Probably the strongest episode of the series, dramatically speaking. Of the few episodes of The Practice that I did see prior to the introduction of Alan Shore in Season 8, this rang true as an episode that could have come from that series, with a classic Boston Legal tongue-in-cheek subplot to undercut the seriousness of the main plot, which was nothing short of phenomenal. Alan is so effective in this role - because for once, he isn't sardonic or smug. He's passionate about a case that he truly believes in, and he doesn't have the upper hand - he's fighting an arduous uphill battle that he knows he probably can't win. But he fought anyway. For Chelina, for Zeke - for his own personal beliefs. That's admirable whether or not you're morally upstanding.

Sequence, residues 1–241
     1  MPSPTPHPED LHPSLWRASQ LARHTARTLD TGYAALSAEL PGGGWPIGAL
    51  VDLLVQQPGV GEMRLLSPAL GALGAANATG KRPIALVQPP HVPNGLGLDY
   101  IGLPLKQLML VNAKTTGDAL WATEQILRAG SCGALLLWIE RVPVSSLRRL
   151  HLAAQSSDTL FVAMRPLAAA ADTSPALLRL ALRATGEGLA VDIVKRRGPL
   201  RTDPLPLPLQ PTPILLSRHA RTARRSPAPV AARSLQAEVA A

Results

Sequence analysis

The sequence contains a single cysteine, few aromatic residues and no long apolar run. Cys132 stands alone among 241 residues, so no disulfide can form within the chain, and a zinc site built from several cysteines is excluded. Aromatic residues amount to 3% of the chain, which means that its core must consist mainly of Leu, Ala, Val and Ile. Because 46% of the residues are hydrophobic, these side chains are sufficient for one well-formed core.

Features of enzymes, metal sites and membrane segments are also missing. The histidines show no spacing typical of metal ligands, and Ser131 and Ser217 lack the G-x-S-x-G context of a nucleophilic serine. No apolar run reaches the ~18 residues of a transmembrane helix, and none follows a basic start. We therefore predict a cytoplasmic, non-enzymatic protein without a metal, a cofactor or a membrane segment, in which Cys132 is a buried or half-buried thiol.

I'm not going to comment on whether the death penalty is virtuous or a monstrous institution, and I'm not even going to touch the fact that Texas is responsible for so many of our nation's state-inflicted capital punishments. David E. Kelley did plenty of that for the both of us. Instead, I'd like to examine the people that make up this show - it's the characters that carry us through the story, case by case. That's why I watch the show in the first place, and that's why I stick around. I'll tell you, plain and simple, right now - Alan Shore is THE most interesting, involving, sarcastic, and yet at the same time utterly serious character on television. Period. I just couldn't help but watch in awe as he delivered his final speech to the Texan justices, scrambling to find some way to stay Zeke's execution, any way he could. He likes that people such as Chelina would turn to him for help in this insurmountable situation, and he hates that sometimes, he fails. But that's what makes him more real than the (pleasantly) one-dimensional Denny.
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